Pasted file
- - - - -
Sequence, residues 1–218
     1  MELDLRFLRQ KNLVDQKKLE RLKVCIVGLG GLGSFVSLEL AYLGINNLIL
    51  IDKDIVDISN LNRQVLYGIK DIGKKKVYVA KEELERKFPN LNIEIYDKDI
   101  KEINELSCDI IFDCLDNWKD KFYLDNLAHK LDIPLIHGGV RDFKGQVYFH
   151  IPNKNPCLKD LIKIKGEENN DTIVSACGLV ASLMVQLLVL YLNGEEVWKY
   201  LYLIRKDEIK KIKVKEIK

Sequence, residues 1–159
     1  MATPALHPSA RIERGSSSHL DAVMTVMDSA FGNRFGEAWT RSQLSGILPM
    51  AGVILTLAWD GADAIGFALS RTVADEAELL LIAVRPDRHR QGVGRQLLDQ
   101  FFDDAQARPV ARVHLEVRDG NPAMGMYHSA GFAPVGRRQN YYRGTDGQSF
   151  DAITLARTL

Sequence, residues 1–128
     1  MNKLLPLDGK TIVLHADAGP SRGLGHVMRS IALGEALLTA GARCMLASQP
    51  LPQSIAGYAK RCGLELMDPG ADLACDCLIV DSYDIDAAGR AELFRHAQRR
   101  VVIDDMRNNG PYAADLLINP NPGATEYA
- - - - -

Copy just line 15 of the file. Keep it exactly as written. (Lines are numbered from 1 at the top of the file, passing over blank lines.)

   101  VVIDDMRNNG PYAADLLINP NPGATEYA